It Depends What the Meaning of the Acronym 'AGI' Is

Elon Musk Sues OpenAI for Violating the Company’s Principles
Musk said the prominent A.I. start-up had put profits and commercial interests ahead of seeking to benefit humanity.

When the news first hit, it was almost a throwaway – of course Elon Musk is now suing OpenAI. If we are in fact living in a simulation, this is almost too obvious a plot point. But actually, this may end up being the most important lawsuit in quite some time in Silicon Valley. If it were to go to trial, something which you have to believe OpenAI does not want to happen given everything going on there in recent months, a jury – one where presumably the less they know about any of the above drama the better, which likely means one that knows very little about any of the underlying tech involved – would effectively be asked to determine the definition for artificial general intelligence (AGI). That seems... wild.

Backing up...

Mr. Musk sued OpenAI and its chief executive, Sam Altman, accusing them of breaching a contract by putting profits and commercial interests in developing artificial intelligence ahead of the public good. A multibillion-dollar partnership that OpenAI developed with Microsoft, Mr. Musk said, represented an abandonment of a founding pledge to carefully develop A.I. and make the technology publicly available.

That reads like sour grapes, and it is, but it also drives directly to the actual key argument one level deeper:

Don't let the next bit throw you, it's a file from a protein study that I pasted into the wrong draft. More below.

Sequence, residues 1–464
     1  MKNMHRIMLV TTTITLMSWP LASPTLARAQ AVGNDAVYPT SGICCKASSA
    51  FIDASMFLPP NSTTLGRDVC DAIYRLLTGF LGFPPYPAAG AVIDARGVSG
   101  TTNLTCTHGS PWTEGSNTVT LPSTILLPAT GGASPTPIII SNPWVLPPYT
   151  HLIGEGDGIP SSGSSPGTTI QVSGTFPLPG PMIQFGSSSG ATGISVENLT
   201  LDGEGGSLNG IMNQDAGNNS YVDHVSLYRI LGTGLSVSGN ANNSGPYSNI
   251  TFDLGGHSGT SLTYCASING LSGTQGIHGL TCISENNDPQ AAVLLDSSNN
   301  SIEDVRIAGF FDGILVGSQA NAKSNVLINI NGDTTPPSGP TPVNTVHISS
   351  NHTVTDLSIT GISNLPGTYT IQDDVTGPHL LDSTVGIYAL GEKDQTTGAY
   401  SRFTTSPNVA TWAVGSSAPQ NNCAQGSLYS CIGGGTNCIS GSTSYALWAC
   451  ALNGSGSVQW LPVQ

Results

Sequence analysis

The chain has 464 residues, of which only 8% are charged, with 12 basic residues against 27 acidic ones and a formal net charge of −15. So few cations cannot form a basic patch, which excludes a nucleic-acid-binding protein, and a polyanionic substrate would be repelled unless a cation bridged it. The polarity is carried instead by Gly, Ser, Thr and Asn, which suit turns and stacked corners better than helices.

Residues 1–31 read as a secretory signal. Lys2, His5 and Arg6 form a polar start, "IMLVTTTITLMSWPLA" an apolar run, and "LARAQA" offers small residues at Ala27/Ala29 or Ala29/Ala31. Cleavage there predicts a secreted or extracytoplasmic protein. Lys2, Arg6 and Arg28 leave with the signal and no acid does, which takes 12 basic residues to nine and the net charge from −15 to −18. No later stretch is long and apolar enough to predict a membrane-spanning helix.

The people who started OpenAI, including Mr. Musk, worried that an A.G.I. would be too powerful to be owned by a single entity, and that if they ever got close to building one, they’d need to change the control structure around it, to prevent it from doing harm or concentrating too much wealth and power in a single company’s hands.

Which is why, when OpenAI entered into a partnership with Microsoft, it specifically gave the tech giant a license that applied only to “pre-A.G.I.” technologies. (The New York Times has sued Microsoft and OpenAI over use of copyrighted work.)

According to the terms of the deal, if OpenAI ever built something that met the definition of A.G.I. — as determined by OpenAI’s nonprofit board — Microsoft’s license would no longer apply, and OpenAI’s board could decide to do whatever it wanted to ensure that OpenAI’s A.G.I. benefited all of humanity. That could mean many things, including open-sourcing the technology or shutting it off entirely.

Rightly or wrongly – something which again the jury may decide – this argument smartly uses the AGI clause in their contract against them. If OpenAI has achieved AGI, it would void at least part of the partnership with Microsoft. Now, presumably no one really thinks that as good as GPT-4 may be, that it is a fully intelligent system – but actually that gets back to what the definition of AGI is in the first place, and no one actually has a concrete one, and so we go back to that jury. Musk's lawyers will undoubtedly argue that AGI is not what you or I or many others may consider to be true AGI, but that what OpenAI has created is by some definition AGI. Whose definition? Well, funny enough: Microsoft's.